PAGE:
Thought I'd check in and provide an update on the marathon training, as a few of you have asked on other platforms and I received a number of lovely PMs when I took a brief hiatus from the site the other week.
Been an up and down time recently. When tragic events affect your mental health quite markedly, it can be difficult not to spiral. There is also a feeling of great guilt in your mental well-being having been changed by something like the tragedy at Grenfell tower. That is to say, I have not been personally, tangibly affected by the tragedy, and people have lost their lives and their homes, so why do I have any right to be emotionally affected? It is difficult to come to terms with that guilt.
On a brighter note, the training continues in earnest for my marathon (Athens, in November, to raise money for MIND). Yesterday evening I found a running track near Catford and paid the princely sum of £2.70 to use it, with the aim of smashing my 5km PB. As anyone who has trained for a marathon before will surely know, mixing up the routine is key: although longer runs, and hill runs, are paramount, it's important to throw in some shorter, more explosive workouts too. I was dead pleased with my time, which might not look much on the face of it, but for someone still flirting with 15.5 stone, is decent enough.
Youth turnout 72% - got that wrong. Gummer holds Ipswich - got that wrong. UKIP swing almost exclusively to Tories - got that wrong. My local Labour candidate loses ground (actually gained another 12% of the vote) - got that wrong. Labour would lose seats - got that wrong. Tories would gain seats - got that wrong.
Theresa May has said she will rip up some human rights laws if they "stop us" from tackling terrorism.
Speaking on the election campaign trail, the Prime Minister told supporters she would change any laws that got in the way of preventing jihadis from launching attacks in Britain.
Mrs May said: "As we see the threat changing, evolving becoming a more complex threat, we need to make sure that our police and security and intelligence agencies have the powers they need.
"I mean longer prison sentences for people convicted of terrorist offences. I mean making it easier for the authorities to deport foreign terrorist suspects back to their own countries.
"And I mean doing more to restrict the freedom and the movements of terrorist suspects when we have enough evidence to know they are a threat, but not enough evidence to prosecute them in full in court.
"And if our human rights laws stop us from doing it, we will change the laws so we can do it.
"If I am elected as Prime Minister on Thursday, that work begins on Friday."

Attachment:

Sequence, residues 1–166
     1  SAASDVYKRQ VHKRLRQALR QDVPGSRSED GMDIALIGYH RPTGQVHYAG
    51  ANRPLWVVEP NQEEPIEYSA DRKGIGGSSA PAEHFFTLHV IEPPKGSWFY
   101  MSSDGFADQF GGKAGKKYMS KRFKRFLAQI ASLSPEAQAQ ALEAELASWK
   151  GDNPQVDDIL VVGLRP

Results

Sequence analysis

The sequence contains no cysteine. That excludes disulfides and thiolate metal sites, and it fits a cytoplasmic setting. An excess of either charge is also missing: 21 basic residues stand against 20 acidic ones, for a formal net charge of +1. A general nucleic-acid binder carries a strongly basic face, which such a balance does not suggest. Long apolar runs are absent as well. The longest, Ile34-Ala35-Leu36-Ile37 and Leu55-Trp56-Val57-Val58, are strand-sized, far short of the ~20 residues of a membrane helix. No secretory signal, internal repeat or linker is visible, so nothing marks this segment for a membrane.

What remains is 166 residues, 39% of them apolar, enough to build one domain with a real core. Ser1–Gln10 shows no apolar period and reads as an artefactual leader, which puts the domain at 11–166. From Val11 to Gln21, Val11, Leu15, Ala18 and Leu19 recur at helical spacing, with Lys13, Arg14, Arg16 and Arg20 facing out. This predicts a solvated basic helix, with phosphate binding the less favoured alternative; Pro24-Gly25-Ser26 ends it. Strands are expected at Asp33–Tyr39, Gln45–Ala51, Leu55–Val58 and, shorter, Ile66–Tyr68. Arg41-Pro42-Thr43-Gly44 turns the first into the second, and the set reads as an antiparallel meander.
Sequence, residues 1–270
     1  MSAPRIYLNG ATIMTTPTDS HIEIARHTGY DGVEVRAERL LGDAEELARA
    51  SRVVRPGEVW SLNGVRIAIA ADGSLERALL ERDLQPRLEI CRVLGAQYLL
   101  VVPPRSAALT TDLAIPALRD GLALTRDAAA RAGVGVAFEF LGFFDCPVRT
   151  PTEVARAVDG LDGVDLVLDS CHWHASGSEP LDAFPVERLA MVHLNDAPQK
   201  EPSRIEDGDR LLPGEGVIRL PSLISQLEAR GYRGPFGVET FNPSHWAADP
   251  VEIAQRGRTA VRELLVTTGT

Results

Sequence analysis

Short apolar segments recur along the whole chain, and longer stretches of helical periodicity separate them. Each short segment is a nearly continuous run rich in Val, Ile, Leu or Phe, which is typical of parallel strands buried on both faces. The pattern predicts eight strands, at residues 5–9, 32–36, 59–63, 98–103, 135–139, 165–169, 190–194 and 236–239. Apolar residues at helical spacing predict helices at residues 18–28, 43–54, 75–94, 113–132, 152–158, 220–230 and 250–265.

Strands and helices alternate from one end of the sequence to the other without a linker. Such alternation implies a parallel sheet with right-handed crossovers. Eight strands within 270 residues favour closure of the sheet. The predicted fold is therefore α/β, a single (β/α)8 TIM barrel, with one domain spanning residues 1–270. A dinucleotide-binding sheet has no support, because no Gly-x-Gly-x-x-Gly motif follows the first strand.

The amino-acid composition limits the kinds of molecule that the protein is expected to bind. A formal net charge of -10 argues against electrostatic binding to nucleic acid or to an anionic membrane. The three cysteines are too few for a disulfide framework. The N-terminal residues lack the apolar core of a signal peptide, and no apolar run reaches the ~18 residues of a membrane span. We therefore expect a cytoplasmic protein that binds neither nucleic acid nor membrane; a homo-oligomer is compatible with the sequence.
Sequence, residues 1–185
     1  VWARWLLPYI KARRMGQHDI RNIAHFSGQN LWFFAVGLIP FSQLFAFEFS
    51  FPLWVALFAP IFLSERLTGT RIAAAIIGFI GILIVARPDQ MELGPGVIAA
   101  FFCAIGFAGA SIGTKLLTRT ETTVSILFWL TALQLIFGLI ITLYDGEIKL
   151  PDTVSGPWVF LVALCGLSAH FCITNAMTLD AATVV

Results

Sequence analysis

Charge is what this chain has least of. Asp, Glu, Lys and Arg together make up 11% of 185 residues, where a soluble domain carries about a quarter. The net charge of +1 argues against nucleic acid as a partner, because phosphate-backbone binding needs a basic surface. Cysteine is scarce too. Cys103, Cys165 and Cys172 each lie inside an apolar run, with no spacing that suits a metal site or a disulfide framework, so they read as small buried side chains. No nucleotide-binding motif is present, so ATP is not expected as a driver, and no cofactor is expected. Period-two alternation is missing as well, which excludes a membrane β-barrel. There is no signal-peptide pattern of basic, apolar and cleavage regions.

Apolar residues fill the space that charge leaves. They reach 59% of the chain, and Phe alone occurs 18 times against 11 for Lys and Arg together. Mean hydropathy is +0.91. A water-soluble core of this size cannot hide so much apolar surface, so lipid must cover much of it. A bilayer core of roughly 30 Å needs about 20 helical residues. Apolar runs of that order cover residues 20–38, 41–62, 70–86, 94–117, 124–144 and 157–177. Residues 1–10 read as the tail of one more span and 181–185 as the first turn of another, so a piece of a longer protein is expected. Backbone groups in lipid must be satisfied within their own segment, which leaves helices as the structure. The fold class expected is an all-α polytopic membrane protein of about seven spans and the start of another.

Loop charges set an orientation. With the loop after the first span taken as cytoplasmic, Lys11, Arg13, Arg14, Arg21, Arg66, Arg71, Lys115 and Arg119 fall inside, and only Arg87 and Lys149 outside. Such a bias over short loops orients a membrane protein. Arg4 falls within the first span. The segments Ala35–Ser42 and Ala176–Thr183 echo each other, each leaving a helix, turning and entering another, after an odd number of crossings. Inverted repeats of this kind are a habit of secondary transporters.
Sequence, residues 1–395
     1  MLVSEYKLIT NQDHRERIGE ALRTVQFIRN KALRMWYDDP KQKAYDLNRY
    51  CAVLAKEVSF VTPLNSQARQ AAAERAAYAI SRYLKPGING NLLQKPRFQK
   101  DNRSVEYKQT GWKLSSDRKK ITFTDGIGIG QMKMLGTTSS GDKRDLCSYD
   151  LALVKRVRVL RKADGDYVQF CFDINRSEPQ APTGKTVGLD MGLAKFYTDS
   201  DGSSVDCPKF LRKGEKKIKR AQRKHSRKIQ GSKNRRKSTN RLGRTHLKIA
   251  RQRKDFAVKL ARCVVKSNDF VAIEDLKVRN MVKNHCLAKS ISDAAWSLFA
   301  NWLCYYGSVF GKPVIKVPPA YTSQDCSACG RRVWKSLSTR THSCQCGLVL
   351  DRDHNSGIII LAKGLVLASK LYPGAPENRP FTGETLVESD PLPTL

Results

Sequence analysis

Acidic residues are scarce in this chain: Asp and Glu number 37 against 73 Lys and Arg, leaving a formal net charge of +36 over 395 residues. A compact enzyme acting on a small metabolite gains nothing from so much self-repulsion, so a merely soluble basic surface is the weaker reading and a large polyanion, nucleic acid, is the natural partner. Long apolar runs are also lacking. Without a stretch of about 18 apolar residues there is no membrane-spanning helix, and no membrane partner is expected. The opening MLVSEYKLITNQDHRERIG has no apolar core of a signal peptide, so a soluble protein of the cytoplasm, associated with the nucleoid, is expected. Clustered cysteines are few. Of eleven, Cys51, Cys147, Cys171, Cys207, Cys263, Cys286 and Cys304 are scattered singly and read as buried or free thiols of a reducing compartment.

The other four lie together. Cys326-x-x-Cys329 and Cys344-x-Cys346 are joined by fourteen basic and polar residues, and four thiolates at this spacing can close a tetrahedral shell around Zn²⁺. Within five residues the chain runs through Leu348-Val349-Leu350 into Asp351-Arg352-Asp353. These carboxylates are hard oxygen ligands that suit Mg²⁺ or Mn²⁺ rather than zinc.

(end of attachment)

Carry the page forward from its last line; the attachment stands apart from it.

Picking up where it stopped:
There are 500 current terrorism investigations, involving 3,000 current subjects of interest. A small number of the highest priority investigations involve current attack planning, and these investigations command a significant proportion of our resource. The remainder of our investigations focus on other activities relating to active support or facilitation of terrorism.
Khuram Shazad Butt was known to the police and MI5. However, there was no intelligence to suggest that this attack was being planned and the investigation had been prioritised accordingly. The other named man, Rachid Redouane, was not known.
Geezers, fellas, blokes, chaps, boys, lads. Why is it that some of us feel it's so hard to talk about mental health?
I'm confident that there is a causality at play, between some of these tragic cases of suicide and not feeling able to discuss the issues at hand. Simplistic, perhaps, but guys tend not to want to admit they might have a problem, and don't seek professional help. Just like many physical illnesses, catching things early could be life-saving. If, as a society, we were more informed and felt more at ease discussing mental health, the likelihood of early diagnosis and the subsequent appropriate treatment would rise significantly.
So sod the (unwarranted) fear of bullsh!t societal emasculation, and get talking about it more. I guarantee that your mates, family, co-workers and acquaintances will respect you as profoundly brave if you do.
I've suffered from depression, and anxiety, and addiction, but I'm lucky. Millions of others haven't been able to get access to treatment nor have they felt able to openly discuss their struggles.
As many of you know through my blog, which I've shared on here ad nauseum, I want to do something to help, however little it might be. So, in November, I'm running a really bloody tough marathon in Athens (21km are uphill) to raise money for Mind, the mental health charity.
If you're feeling really generous, please donate, however little the amount. If not, no worries, but I implore you to do everything you can to help break the stigmas attached with mental illness - chiefly: keep talking.